Voyager 1 recently left our solar system. Far more successful than NASA ever imagined, this “little spaceship that could” is the first vessel to move to “infinity and beyond.” It was launched 36 years ago with less technology than an iPhone and loaded with an 8 Track Tape system. But what an incredible technological accomplishment. Do you celebrate your breakthroughs when they occur knowing full well that they will pale beside the accomplishments in the future?
September 2013 - PS Insights
A month ago virtually none of us knew the word “twerk.” Now, thanks to Miley Cyrus and the VMA’s, we have all been victimized by the behavior and the label. In August, Oxford Dictionary Online added the word to their lexicon. It is the meme of the moment as confirmed by the Lego construction of Miley and Robin, you guessed it, twerking in building blocks. Where do you discover the latest trends and how soon do you see them coming?
We wrote a few months ago about our intern competing for Miss America. She finished in the top 10, but this posting from her we think says it all about the entire experience:
“This, I believe, is the best proof I have to share the power of the Miss America Organization. It has given me my dream, it has rewarded me with over $20,000 in college scholarships, it has honed my speaking skills, it has strengthened my self confidence, it has granted me the opportunity to network nationally… but it has also given me my best friend: a sister that I could celebrate success with on Sunday September 15th. There will never be anything as special as that moment.”
What dreams have you pursued that have enriched you forever?
Once again, gentrification has ruined a neighborhood that had charm and character. Steve got off MetroNorth and walked across 125th Street last week…passing one national chain outlet after the next. Lids. Foot Locker. The Body Shop. (The ubiquitous) Starbucks. Even two Times Square-sized two-story food outlets: Applebee’s and Joe’s Crab Shack. National chains once shunned Manhattan. These days, they’re turning the city into a suburban outdoor mall. Which local favorite have you lost recently?
According to an article in Fast Company, Google has killed its “20% time” policy. It was one of the most innovative ideas to come out of Silicon Valley…employees being required to work on something they were interested outside of their regular area of responsibility. It led to the invention of Gmail, Google Talk and a host of remarkable new ideas and products. The reasons for killing it had to do with the cumbersome internal processes that were bogging it down. So instead of fixing the problem—the internal processes—they killed the goose. Did you ever make the mistake of tossing out the baby with the bathwater?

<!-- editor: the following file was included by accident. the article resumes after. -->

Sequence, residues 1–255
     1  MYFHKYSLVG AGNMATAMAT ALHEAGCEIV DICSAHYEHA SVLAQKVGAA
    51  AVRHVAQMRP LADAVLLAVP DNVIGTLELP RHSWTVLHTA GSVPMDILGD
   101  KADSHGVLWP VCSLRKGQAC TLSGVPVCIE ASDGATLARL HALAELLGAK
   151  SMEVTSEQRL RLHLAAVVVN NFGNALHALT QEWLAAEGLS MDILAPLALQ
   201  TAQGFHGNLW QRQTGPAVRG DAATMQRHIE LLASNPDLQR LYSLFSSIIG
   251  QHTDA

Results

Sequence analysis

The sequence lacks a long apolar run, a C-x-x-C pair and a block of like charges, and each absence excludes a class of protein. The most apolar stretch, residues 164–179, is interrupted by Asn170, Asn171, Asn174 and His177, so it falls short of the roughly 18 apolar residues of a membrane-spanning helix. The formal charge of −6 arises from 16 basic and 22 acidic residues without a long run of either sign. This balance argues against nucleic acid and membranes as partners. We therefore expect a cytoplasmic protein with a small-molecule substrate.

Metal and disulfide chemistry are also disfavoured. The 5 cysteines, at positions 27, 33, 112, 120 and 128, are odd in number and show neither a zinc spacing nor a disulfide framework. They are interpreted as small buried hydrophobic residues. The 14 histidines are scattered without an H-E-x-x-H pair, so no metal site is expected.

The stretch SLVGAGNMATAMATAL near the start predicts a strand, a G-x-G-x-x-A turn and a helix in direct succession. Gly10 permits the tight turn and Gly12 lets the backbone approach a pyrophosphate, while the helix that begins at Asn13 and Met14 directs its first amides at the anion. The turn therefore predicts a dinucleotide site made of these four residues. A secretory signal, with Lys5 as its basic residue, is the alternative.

Apple’s App Store recently turned five years old. The entire US was also locked in a heat wave. So to celebrate their fifth anniversary Apple launched a free Where’s My Water? app. Pretty clever and customer responsive. What do you do to not just celebrate your milestones but to invite your customers to the party?
EZPass is a great idea except when it isn’t. Too often cars bottleneck as they approach the toll plaza. No one knows where to go. Until now. We saw a huge new illuminated sign approaching the Whitestone Bridge that clearly directed cash customers to “Cash Outside Lines.” EZPass up the middle. Bottleneck solved. What signs do you provide to signal customer clarity and satisfaction?
Paul just recently got a new TV. A Geek Squad branded VW Beetle drove up and two experts stepped out of the car, into the house, hooked up and mounted the TV on the wall. Everything about the brand encounter inspired expertise. It was the reason Paul selected Best Buy as the merchant for the sale. What are the tie-breakers you extend to make your brand the preferred choice?
The name says it all. A plethora of information graphics have emerged on the business communications scene as a great way to telegraph and illuminate information in short form. Most of them have been vertical summaries of trends. But they’re now working their way into business plans and brand mapping. Are you using them? Are you developing new graphic ways to visualize information?
There always were, and there always will be, people on the fringes and extremist points of view. In the past, we were largely exposed to them through the performance work of Eric Bogosian and Whoopi Goldberg. Sadly, the Web—from Twitter to Facebook to YouTube—now provides a broader platform for even the most extreme racism, sexism, homophobia, Nazi glorification, etc., etc. We understand the democratic appeal of S.G. Tallentyre’s quote, “I do not agree with what you say, but I will defend to the death your right to say it” (wrongly attributed to Voltaire), however, we still grit our teeth when bizarre or ugly views slip into the mainstream. They often get a disproportionate amount of attention. How do you process and deal with this kind of hyperbolic content?